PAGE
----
• Dmitry Medvedev, the Russian president, was described as "pale" and "indecisive",[36] playing "Robin to Putin's Batman".[38]

Saudi Arabia

  • King Abdullah was stated by diplomats as "'tending to express himself tersely' because of his lifelong struggle with a 'speech impediment', but added that he is a 'wry and forthright interlocutor.'"[39]

Sri Lanka



  • Carl Bildt, Swedish minister of foreign affairs, was described as a "Medium size dog with big dog attitude".[43]


  • Zine El Abidine Ben Ali, former Tunisian president, was described as "deserving credit for continuing the progressive policies of President Bourguiba", however "he and his regime have lost touch with the Tunisian people." It is said the Tunisian leader doesn't accept domestic or international criticism. US cables also described "high-level corruption, a sclerotic regime, and deep hatred of President Zine el Abidine Ben Ali's wife and her family." [44]


  • Recep Tayyip Erdogan, Turkish prime minister, was described as a "perfectionist workaholic who sincerely cares for the well-being of those around him".[45] He was also described by U.S. diplomats as having "little understanding of politics beyond Ankara" and as surrounding himself with an "iron ring of sycophantic (but contemptuous) advisors". He is said to be "isolated", and that his MPs and Ministers feel "fearful of Erdogan's wrath".[46] Diplomats state that "he relies on his charisma, instincts, and the filterings of advisors who pull conspiracy theories off the web or are lost in neo-Ottoman Islamist fantasies".[45] Erdogan responded strongly to the claims, threatening a lawsuit. He rejects the allegations of having "eight secret accounts in Swiss banks", stating that the people responsible for the 'slander' will "be crushed under these claims, will be finished and will disappear".[47]


  • Gurbanguly Berdymukhammedov, President of Turkmenistan, was described as "vain, fastidious, vindictive, a micro-manager, and a bit of an Ahal Teke 'nationalist.'" Further, it is said that he does not like people who are smarter than him, and since he's not a very bright guy, he is suspicious of a lot of people. The American diplomat also commented that Berdymukhammedov has a Russian mistress.[48]


United Kingdom

  • Former Prime Minister Gordon Brown was evaluated by the cables as having an "abysmal track record" which caused him to go from political "disaster to disaster." [50]



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  15. ^ Copy of diplomatic cable dated 19 May 2009 (9 December 2010). "US Embassy Cables: Mubarak: Egypt's President-for-Life". The Guardian (London). Retrieved 21 December 2010.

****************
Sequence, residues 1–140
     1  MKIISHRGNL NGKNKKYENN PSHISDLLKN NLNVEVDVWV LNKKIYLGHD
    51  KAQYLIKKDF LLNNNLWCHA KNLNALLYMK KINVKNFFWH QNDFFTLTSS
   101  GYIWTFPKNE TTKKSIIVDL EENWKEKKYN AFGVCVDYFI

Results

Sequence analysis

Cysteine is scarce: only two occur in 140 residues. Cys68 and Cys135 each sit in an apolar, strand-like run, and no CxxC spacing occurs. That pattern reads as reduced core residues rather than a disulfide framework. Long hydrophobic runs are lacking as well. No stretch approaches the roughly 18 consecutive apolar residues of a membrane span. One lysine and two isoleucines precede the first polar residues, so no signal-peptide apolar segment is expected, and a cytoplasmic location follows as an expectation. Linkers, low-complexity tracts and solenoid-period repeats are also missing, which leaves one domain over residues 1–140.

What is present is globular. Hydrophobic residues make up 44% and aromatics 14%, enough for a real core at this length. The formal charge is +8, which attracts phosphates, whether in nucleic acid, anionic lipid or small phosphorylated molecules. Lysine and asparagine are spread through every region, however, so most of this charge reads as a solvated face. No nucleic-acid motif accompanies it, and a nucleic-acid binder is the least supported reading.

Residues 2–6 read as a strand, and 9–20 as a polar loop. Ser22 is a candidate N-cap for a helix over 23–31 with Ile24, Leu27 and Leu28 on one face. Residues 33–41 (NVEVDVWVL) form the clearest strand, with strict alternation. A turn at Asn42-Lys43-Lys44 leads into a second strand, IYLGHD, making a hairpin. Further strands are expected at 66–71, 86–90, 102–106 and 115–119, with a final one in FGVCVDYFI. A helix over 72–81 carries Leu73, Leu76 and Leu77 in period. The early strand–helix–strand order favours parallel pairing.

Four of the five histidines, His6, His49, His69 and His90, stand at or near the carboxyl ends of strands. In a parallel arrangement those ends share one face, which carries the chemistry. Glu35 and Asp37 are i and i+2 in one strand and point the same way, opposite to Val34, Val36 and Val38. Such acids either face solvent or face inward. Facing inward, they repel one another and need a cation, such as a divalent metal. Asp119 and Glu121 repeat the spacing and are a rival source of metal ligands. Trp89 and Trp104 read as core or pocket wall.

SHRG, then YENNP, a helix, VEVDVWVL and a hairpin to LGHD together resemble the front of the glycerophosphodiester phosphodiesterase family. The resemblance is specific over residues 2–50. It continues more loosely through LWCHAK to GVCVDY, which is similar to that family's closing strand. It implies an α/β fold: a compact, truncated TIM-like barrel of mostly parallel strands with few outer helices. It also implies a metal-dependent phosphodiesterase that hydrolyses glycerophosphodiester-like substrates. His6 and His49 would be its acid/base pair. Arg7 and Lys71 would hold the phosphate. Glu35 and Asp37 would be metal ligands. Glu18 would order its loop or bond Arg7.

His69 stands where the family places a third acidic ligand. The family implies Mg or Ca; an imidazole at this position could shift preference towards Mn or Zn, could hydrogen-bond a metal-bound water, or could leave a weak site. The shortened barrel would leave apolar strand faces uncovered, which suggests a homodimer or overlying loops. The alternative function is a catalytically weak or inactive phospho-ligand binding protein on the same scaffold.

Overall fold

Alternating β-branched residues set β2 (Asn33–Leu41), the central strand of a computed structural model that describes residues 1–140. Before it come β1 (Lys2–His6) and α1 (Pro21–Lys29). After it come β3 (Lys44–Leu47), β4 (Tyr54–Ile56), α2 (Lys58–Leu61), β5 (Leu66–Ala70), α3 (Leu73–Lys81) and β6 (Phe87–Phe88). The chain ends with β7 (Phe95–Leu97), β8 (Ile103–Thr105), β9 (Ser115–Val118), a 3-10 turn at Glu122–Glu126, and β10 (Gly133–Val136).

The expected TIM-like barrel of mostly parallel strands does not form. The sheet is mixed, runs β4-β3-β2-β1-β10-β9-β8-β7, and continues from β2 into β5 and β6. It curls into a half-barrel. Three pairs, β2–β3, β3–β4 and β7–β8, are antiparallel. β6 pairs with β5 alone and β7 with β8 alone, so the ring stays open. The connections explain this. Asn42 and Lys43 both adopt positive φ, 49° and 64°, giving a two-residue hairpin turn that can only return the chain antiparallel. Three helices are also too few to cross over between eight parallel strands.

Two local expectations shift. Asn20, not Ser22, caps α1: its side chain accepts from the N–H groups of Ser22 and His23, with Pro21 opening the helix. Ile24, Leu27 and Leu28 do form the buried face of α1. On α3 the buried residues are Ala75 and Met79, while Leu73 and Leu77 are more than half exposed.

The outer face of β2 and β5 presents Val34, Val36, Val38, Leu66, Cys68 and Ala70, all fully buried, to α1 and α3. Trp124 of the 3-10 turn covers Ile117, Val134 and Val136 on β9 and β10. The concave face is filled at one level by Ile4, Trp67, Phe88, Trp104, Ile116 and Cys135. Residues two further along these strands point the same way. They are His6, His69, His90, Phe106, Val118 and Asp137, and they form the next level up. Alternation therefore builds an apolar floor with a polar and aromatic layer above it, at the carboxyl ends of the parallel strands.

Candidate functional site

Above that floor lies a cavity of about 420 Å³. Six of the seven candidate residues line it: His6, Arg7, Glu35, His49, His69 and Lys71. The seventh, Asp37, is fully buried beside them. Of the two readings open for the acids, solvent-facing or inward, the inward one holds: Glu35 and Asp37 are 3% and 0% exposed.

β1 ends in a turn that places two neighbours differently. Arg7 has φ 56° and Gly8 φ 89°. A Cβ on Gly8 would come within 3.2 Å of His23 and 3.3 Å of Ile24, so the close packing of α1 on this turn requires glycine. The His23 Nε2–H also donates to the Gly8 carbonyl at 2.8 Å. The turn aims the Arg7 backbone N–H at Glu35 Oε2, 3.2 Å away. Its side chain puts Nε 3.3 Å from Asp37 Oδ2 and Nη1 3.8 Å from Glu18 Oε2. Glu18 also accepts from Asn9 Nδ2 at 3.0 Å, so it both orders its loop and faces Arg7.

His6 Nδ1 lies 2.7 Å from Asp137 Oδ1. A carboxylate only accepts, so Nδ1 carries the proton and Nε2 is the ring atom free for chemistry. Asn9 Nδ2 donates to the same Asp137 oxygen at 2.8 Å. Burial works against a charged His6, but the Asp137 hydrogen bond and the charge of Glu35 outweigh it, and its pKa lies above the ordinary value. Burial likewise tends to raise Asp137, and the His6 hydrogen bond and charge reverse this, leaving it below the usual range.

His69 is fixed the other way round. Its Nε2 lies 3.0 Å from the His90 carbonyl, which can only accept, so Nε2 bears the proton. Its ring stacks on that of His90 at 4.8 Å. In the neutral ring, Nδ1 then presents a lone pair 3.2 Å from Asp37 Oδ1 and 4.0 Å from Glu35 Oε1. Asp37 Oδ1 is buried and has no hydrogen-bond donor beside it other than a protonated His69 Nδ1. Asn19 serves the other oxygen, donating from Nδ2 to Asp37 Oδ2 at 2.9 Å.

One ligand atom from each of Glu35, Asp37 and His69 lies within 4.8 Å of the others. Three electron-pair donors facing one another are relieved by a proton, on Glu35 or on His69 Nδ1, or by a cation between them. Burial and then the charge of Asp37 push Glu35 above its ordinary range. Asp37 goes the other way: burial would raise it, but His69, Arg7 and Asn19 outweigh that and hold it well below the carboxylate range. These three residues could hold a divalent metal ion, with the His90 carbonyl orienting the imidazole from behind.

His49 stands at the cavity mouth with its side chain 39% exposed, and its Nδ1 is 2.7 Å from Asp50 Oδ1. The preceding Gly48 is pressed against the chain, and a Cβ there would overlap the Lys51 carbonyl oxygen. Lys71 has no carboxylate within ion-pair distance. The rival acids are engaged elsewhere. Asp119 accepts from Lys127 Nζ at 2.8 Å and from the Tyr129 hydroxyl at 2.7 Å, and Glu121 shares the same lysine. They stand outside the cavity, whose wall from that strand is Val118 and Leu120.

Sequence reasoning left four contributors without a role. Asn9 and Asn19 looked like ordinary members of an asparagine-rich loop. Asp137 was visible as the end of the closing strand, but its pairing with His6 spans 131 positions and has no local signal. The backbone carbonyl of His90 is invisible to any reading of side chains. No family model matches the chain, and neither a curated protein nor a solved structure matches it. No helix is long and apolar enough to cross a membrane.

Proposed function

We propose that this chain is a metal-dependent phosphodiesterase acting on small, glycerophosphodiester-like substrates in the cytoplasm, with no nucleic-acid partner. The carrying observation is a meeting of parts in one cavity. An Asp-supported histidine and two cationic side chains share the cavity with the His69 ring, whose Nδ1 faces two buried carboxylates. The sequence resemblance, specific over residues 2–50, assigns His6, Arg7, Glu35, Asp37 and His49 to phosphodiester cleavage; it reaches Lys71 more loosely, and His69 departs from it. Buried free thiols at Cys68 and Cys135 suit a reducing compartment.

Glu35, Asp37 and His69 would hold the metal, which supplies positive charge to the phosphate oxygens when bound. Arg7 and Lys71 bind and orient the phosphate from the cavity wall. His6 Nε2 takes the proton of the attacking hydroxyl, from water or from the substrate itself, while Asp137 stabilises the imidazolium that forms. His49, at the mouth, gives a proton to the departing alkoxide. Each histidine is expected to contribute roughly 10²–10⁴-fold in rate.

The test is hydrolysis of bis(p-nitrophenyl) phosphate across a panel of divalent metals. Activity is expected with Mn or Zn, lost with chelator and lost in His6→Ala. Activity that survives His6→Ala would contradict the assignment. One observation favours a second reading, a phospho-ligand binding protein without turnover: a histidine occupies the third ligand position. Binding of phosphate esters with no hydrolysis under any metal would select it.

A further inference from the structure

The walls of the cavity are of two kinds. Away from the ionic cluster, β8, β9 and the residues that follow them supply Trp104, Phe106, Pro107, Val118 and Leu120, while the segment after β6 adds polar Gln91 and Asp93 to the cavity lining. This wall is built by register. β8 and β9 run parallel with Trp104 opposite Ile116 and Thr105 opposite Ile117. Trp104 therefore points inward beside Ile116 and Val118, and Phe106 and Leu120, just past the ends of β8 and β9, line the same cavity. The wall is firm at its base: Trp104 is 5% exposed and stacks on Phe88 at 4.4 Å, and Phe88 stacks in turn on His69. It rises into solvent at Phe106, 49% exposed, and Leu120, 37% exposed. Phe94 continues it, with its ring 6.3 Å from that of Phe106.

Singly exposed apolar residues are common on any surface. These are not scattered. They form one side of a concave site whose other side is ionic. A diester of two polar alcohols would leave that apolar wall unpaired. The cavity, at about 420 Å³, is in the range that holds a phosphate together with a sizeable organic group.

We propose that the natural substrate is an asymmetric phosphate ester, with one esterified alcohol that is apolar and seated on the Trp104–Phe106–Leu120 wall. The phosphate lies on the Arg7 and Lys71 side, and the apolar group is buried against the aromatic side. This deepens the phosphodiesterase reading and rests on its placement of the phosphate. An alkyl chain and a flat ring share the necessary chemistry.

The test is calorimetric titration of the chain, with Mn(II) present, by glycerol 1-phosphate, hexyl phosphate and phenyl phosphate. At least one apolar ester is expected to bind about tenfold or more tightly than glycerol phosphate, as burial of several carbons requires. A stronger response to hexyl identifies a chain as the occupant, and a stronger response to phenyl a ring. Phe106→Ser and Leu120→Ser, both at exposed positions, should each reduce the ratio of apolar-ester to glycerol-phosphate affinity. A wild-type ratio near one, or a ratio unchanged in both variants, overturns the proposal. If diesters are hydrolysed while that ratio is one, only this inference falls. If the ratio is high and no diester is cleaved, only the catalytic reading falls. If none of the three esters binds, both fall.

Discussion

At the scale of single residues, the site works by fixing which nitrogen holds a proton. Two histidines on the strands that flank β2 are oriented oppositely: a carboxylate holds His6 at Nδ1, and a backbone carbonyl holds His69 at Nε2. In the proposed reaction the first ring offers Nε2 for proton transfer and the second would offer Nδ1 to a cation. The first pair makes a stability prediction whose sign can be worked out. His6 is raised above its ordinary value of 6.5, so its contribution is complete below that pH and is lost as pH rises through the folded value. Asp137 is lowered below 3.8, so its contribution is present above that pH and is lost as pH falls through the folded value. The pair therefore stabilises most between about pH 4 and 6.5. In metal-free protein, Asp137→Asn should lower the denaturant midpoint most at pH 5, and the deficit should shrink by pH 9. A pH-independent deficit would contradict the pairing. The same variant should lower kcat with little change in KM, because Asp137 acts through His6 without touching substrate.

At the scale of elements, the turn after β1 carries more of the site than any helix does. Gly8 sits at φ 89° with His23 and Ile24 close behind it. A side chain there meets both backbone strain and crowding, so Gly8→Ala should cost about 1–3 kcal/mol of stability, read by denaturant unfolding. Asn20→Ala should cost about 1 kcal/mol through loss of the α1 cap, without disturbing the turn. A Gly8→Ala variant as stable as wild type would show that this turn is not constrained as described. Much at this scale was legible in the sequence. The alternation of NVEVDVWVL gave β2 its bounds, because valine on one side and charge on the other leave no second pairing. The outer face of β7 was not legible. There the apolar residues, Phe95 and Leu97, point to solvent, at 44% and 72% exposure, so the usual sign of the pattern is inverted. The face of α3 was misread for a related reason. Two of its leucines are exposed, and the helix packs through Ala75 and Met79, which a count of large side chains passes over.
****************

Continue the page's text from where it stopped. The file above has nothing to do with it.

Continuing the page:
16. ^ Tisdall, Simon (8 December 2010). "WikiLeaks Cables: Eritrean Poverty and Patriotism under 'Unhinged Dictator' — US Ambassador Portrays Isaias Afwerki as Part Menace, Part Weirdo – and Tastes 'Aptly Named' Sewa at Lunch with Minister". The Guardian (London). Retrieved 11 December 2010. 
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  23. ^ "Iranian Resurgence Party Created by Shah". Wikileaks. 4 March 1975. Retrieved 8 December 2010. 
  24. ^ Richter, Paul (29 November 2010). "Wikileaks' Release of Secret U.S. Cables Sends Tremor through Diplomatic Community". Los Angeles Times.,0,2557036.story. Retrieved 30 November 2010. 
  25. ^ Saudi King Abdullah and Senior Princes On SaudiWikiLeaks cable:08RIYADH649. WikiLeaks. 20 April 2008. Archived from the original on 3 January 2011. Retrieved 3 January 2011. 
  26. ^ "US embassy cables: Italian MP named as Berlusconi's bagman by US". London: The Guardian. 2 December 2010. Retrieved 12 March 2011. 
  27. ^ Beauttah Omanga (4 March 2010). "Wikileaks: VP a self-interested opportunist". The Standard. Retrieved 4 March 2010. 
  28. ^ Mclean, Alan (28 November 2010). "WikiLeaks Archive — A Selection from the Cache of Diplomatic Dispatches — Interactive Feature". The New York Times. Retrieved 29 November 2010. 
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  30. ^[dead link] Zahiid, Syed Jaymal (14 December 2010). "WikiLeaks Can Be Double-Edge Sword for Najib". Free Malaysia Today. Retrieved 24 December 2010. 
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  32. ^ a b Copy of diplomatic cable dated 6 July 2009 (15 December 2010). "US Embassy Cables: Barack Obama's Briefing on Dutch Politics". The Guardian. Retrieved 16 December 2010.
  33. ^ Young, Audrey (13 December 2010). "WikiLeaks: US Preferred National". New Zealand Herald. Retrieved 13 December 2010. 
  34. ^ (registration required) Sanger, David E. (29 November 2010). "Leaked Cables Depict a World Guessing About North Korea". The New York Times. Retrieved 30 November 2010. 
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  44. ^ Black, Ian (7 December 2010). "WikiLeaks Cables: Tunisia Blocks Site Reporting 'Hatred' of First Lady — US Embassy Warns Tunisian Anger over Corruption and Unemployment, as Well as 'Intense Dislike' for President's Wife, Threaten Country's Stability". The Guardian. Retrieved 13 December 2010.
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  48. ^ "Cable Viewer". December 2009. Retrieved 2 December 2010. 
  49. ^ Klußmann, Uwe (2 December 2010). "US-Probleme in der Ukraine — Fatales Spiel mit Falschen Freunden" (in German language). Der Spiegel. Retrieved 14 December 2010.
  50. ^ Watt, Nicholas (2 December 2010). "WikiLeaks Cables: Gordon Brown an 'Abysmal' Prime Minister". The Guardian. Retrieved 22 December 2010.